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Old 21st May 2020, 11:59 pm   #1
hillmanie
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Default Oscilloscope question - not vintage

Need some advice re purchase of an oscilloscope,
1 New or secondhand
2 Re new, are USB oscilloscopes from Far East (not Dagenham) any good or a waste of money?
Many thanks
Tony T
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Old 22nd May 2020, 12:39 am   #2
Radio Wrangler
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Default Re: Oscilloscope question - not vintage

what do you want to do with it?

David
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Old 22nd May 2020, 5:47 am   #3
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Default Re: Oscilloscope question - not vintage

Never had a new scope but the problem with second hand one's is even if they work when you get them they eventually develop faults, fixing em is a pain, that and parts can be hard to source. It'd be nice to have a scope with a warranty.

If I had the money I'd buy a cheap scope like a Sigilent but then you have the issue of digital scopes are harder to drive. Tricky, lots of ins and outs as The Dude said.

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Old 22nd May 2020, 7:53 am   #4
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Default Re: Oscilloscope question - not vintage

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Originally Posted by Diabolical Artificer View Post
Never had a new scope but the problem with second hand one's is even if they work when you get them they eventually develop faults, fixing em is a pain, that and parts can be hard to source.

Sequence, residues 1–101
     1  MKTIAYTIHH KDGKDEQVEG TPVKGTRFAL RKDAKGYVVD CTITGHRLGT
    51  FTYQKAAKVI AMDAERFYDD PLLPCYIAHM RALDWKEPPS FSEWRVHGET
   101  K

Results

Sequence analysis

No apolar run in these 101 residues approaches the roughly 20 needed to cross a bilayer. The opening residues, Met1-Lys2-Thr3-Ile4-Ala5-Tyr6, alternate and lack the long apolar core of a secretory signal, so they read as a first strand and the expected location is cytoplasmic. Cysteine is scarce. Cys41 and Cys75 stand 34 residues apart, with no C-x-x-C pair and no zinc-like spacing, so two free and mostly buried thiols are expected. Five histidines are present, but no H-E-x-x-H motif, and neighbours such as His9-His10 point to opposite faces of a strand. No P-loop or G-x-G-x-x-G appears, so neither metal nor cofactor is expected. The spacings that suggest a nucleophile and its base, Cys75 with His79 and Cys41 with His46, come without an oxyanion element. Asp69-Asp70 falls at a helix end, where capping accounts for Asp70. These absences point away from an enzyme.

Andy.
I agree, my main scope is a 4 channel Tektronix but it has already cost me 100 in unobtanium custom chips, I managed to get used ones from Italy and Israel.
I keep a 50MHz dual channel Philips scope as spare for when it fails next time.

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Old 22nd May 2020, 8:27 am   #5
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Default Re: Oscilloscope question - not vintage

I should have added that when your scope does need repair you need a scope to fix it....................


Peter
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Old 22nd May 2020, 9:08 am   #6
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Default Re: Oscilloscope question - not vintage

You know where that leads. It leads down a very slippery slope indeed...
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Old 22nd May 2020, 10:51 am   #7
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Default Re: Oscilloscope question - not vintage

I went through all sorts of scopes and now use a Tek 7603/7623.